Pastor embarks on new journey

Minister is getting comfortable with his new home.

May 05, 2010|By Riley Hooper

Hailing from South Africa, Rudolph van Graan is bringing a new perspective and energy to the First Congregational Church of Glendale, where he was recently named minister.

Van Graan began at the church in mid-March. He gave his first sermon March 21, which was followed by a potluck.

After two years under an interim pastor, the congregation welcomed van Graan with open arms, said Susan Aluzri, member of the church’s outreach board.


“He brings an enthusiasm that is apparently very infectious,” she said.

Church moderator Linda Conover said the new minister is outgoing, compassionate, caring and positive.

“I get the feeling that he’s excited about what each day will bring,” she said.

At Sunday services, Wednesday dinners at the church and Thursday visits with families, van Graan said he has had many opportunities to meet the congregation, and he’s eager to continue to do so.

Working with people was the reason he got into ministry in the first place, he said. In high school, when faced with the choice of going to university for music or ministry, he chose ministry and proceeded to get his ordination as minister of religion from the University of Pretoria.

“I find it fulfilling to work with people, and I am genuinely energized by people,” van Graan said.

In South Africa, van Graan worked in ministry and as a church organist for years. He also owned a travel agency for the last 12 years he was there. Then, in 2008, he and his son won a green card in the USA Diversity Visa Program. That same year they moved to Florida, where van Graan’s friend from seminary is a pastor at a Faith United Church of Christ.

While van Graan had prior connections with that church, his friend helped him reconnect with the ministry. He served as an organist and a musical director, then was selected by the First Congregational Church of Glendale.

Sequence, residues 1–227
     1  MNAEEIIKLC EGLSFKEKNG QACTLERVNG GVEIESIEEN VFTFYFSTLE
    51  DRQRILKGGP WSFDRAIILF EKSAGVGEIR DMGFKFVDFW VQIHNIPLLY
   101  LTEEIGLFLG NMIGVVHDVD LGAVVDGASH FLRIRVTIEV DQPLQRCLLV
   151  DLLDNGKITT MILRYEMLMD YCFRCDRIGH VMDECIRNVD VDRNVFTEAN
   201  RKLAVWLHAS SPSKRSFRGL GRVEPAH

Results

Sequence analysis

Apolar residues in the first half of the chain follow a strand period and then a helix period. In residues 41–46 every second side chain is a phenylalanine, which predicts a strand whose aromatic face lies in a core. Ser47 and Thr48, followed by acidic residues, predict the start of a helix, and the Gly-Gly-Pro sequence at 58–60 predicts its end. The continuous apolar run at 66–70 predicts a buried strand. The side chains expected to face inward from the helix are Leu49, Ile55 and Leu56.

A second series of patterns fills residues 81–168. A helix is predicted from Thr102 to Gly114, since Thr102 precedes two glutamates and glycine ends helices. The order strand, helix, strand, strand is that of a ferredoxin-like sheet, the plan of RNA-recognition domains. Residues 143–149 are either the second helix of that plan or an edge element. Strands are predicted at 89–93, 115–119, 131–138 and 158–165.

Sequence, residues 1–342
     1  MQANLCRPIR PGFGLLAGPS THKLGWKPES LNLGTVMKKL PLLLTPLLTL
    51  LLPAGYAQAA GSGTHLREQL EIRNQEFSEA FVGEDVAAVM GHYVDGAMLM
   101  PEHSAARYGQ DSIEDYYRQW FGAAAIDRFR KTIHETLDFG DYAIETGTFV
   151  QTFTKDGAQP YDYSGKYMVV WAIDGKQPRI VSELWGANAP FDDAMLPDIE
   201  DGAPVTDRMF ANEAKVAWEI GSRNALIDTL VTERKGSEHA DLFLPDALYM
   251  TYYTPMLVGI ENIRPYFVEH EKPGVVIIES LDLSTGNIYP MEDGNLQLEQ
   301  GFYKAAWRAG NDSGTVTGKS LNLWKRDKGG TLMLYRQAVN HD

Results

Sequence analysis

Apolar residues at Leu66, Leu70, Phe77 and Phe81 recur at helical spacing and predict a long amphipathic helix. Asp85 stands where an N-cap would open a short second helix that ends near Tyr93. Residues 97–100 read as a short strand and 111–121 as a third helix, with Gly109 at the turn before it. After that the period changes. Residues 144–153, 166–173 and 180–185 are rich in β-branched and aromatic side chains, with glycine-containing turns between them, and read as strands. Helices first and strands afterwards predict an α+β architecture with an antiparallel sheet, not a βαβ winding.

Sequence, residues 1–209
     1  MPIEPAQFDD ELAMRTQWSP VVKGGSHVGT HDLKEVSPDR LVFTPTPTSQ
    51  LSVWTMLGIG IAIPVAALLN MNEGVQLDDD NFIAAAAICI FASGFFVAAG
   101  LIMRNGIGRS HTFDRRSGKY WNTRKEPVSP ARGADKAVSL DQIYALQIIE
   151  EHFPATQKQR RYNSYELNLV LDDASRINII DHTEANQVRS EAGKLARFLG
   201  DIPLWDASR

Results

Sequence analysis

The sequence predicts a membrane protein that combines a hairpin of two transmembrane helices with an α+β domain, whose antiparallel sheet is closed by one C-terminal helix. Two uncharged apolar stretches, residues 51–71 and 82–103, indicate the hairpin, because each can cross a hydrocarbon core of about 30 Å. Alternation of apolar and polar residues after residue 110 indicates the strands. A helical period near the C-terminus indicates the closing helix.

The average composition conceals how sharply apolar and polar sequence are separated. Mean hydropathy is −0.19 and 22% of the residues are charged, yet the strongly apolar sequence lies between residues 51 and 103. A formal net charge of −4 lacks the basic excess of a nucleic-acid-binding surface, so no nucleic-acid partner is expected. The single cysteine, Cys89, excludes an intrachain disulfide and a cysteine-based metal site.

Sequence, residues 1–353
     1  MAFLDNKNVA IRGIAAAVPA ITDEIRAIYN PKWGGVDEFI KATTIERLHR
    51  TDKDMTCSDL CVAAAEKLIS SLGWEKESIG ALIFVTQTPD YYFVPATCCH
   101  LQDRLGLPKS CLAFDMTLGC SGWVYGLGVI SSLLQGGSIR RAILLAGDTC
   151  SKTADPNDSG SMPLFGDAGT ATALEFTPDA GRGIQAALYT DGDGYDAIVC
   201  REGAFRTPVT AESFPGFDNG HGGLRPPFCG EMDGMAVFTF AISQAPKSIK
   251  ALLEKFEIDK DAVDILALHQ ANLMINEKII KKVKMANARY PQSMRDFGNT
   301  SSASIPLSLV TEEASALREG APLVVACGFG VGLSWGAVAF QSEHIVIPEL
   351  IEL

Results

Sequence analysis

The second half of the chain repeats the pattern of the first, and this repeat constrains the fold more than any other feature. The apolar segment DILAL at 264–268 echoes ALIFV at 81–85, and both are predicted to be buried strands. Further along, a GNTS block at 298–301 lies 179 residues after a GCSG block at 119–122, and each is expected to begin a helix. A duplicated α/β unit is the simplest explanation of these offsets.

Aluzri, who was on the search committee to find a minister, said that although the committee sifted through more than 100 minister profiles, choosing van Graan was easy.

“We were just comfortable with him from the beginning,” she said. “His emphasis and concentration matched ours very well.”

Van Graan’s unique perspective and outlook on life contributes to the church’s liberal views and acceptance of diversity, Conover said. His international background also brings a worldly perspective to the church, Aluzri said.

While van Graan lived comfortably in South Africa, there are “Third World components” to the country, he said. Aluzri hopes that the minister’s experience with such conditions will bring a new awareness to the church members.

“I think he brings a broader perspective on the Christian message,” Aluzri said. “It’s authentic and it’s important.”

Van Graan said he hopes that some day the church can help Third World countries, particularly in Africa.

“We can’t disregard the Third World; it is our calling,” van Graan said. “We cannot grow fatter and wealthier without reaching out.”

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